The thing I like the most about this season is how it unleashes the generous spirit. I think of this expression of faith and humanity as the true light of winter.
Every year I publish a column encouraging readers to give generously to support causes they care about. My suggestions are merely prompts meant to inspire you. They reflect my own quirky and individual interests.
This year I am making an effort to “buy local.” In addition to supporting some of these national organizations I will be donating to causes close to home, including building locally for Habitat for Humanity and raising money for my local Society for the Prevention of Cruelty to Animals.
Great charities are transparent, show donors where the money goes and don’t just claim how much of their money goes to programs, but report measurable outcomes.
I check out all my recommendations on charitynavigator.org. All receive a top rating.
FEEDING THE HUNGRY
Feeding America: One in six Americans is hungry, and the economic stress affecting all of us is making hunger worse.
Feeding America’s goal is a hunger-free America. If you care about eliminating hunger, your dollar goes furthest with the national network of food banks across the country.
Feeding America offers a “gift catalogue” that allows donors to choose a food gift in honor of a loved one. And get this: A $100 donation buys holiday meals for 200 people! feedingamerica.org.
Meals on Wheels: Meals on Wheels volunteers deliver meals to housebound seniors. But they bring more than food; the human contact and interaction provide nourishment too.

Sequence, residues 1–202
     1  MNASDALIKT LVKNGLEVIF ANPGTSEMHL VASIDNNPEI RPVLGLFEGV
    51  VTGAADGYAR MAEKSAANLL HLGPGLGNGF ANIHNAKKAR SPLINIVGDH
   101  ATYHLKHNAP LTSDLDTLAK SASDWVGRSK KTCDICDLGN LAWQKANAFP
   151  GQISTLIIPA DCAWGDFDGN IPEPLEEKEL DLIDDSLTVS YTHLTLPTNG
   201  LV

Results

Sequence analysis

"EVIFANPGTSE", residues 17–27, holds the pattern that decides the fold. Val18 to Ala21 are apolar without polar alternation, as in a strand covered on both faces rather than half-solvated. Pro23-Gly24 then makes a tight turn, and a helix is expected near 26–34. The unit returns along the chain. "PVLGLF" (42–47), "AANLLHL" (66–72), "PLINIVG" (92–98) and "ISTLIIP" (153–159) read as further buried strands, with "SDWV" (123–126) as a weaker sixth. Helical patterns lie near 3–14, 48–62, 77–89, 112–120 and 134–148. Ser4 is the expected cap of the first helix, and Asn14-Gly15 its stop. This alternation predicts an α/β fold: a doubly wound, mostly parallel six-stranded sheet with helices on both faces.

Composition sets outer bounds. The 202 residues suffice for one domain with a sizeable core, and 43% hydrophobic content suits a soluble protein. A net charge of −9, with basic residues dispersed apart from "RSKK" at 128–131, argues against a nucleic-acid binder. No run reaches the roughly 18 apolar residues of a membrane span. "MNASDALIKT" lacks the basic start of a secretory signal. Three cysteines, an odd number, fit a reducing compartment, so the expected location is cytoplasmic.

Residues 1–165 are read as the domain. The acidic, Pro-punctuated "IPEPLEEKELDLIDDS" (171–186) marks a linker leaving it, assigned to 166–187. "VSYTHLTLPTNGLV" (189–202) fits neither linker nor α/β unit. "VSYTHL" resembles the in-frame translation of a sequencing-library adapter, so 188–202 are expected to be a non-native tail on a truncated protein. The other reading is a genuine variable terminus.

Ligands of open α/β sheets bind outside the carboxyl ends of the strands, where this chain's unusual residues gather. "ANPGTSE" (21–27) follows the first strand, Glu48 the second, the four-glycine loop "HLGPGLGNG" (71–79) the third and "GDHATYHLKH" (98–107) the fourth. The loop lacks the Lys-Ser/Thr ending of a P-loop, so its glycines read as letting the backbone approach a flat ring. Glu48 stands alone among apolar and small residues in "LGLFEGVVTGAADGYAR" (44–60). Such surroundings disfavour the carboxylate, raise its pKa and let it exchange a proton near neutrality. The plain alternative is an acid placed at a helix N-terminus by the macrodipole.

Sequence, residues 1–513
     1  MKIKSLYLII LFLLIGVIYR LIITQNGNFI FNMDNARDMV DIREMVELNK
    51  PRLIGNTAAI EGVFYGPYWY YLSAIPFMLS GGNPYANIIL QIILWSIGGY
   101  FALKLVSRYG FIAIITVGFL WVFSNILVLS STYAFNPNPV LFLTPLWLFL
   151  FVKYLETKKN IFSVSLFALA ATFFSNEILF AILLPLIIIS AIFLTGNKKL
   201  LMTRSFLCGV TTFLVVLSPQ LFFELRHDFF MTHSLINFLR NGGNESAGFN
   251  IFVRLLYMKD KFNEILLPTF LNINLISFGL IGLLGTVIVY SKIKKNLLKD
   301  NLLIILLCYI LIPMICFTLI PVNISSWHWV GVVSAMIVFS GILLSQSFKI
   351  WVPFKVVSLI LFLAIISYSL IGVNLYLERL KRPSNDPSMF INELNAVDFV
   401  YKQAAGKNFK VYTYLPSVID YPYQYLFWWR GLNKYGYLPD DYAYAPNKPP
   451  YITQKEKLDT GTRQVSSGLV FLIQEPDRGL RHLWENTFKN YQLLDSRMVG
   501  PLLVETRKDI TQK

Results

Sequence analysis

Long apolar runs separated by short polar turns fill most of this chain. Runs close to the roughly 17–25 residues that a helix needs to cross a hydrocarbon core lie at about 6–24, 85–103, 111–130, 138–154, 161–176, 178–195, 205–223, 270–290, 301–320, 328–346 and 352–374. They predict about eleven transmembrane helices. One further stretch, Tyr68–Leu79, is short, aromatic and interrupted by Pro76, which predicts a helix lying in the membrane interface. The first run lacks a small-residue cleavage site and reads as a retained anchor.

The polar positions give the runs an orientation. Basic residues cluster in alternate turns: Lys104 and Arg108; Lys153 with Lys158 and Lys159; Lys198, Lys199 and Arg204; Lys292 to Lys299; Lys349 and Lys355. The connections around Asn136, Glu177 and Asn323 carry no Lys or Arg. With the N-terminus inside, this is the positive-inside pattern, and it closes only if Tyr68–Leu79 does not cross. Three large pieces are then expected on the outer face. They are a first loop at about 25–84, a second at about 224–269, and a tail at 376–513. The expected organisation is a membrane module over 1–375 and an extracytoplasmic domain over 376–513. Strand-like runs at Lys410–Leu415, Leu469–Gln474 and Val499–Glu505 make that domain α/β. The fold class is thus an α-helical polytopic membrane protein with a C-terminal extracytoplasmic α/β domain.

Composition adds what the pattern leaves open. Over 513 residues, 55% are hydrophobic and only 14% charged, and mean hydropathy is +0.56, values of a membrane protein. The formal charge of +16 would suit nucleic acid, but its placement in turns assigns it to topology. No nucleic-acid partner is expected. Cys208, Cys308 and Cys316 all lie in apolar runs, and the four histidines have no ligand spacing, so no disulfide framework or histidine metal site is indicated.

I like the idea of the “Next Meal Club,” where donors give a set amount each month. According to the organization’s Web site, a $7 monthly donation guarantees a meal for a senior. mowaa.org.
United Through Reading: I am entranced by the work of this organization, which manages to unite deployed military parents with their children at home through DVDs of the parents reading aloud from favorite books, which the child at home can read from, with mom or dad. unitedthroughreading.org.
Promote literacy at home: Regular readers know I am also promoting a homegrown literacy effort, “A Book on Every Bed.” The concept is simple: You place a wrapped book on the bed of a child in your household on Christmas Eve. My little video about this is available at familyreading.org and on youtube.com/askingamy.
Fisher House Foundation: This very successful charity is a longtime favorite of mine. “Fisher houses” are large and comfortable homes linked to military hospitals. Family members can move in while their loved one is receiving long-term treatment. fisherhouse.org.
Homes for Our Troops: This organization raises money, buys materials and provides and coordinates professional help to build handicap-adapted houses for injured and disabled veterans, helping these men and women attain a degree of normalcy while they adapt to life at home. homesforourtroops.org.
This year the Syracuse, N.Y., symphony orchestra stopped playing; it is now dissolved because of bankruptcy.
When I was a child growing up in the area, our annual trip to hear the symphony was the only time I heard classical music, professionally played. The silence this holiday season is deafening.
Readers can help to prevent this by promoting the arts in their own towns by supporting and attending live theater and musical events.
And now my annual shoutout to the Mr. Holland’s Opus Foundation (mhopus.org). This wonderful organization places new and refurbished musical instruments into the hands of young people.
U.S. Fund for UNICEF: This humanitarian organization is working to bring the child mortality rate from preventable diseases down to zero. Five years ago 25,500 children died each day of preventable causes; now the number is 21,000. unicefusa.org.
Refugees International: This organization advocates for the estimated 25 million stateless people living in refugee camps around the world. refugeesinternational.org.
Write to Amy Dickinson at email@example.com or Ask Amy, Chicago Tribune, TT500, 435 N. Michigan Ave., Chicago, Ill. 60611.
2011 by the Chicago Tribune
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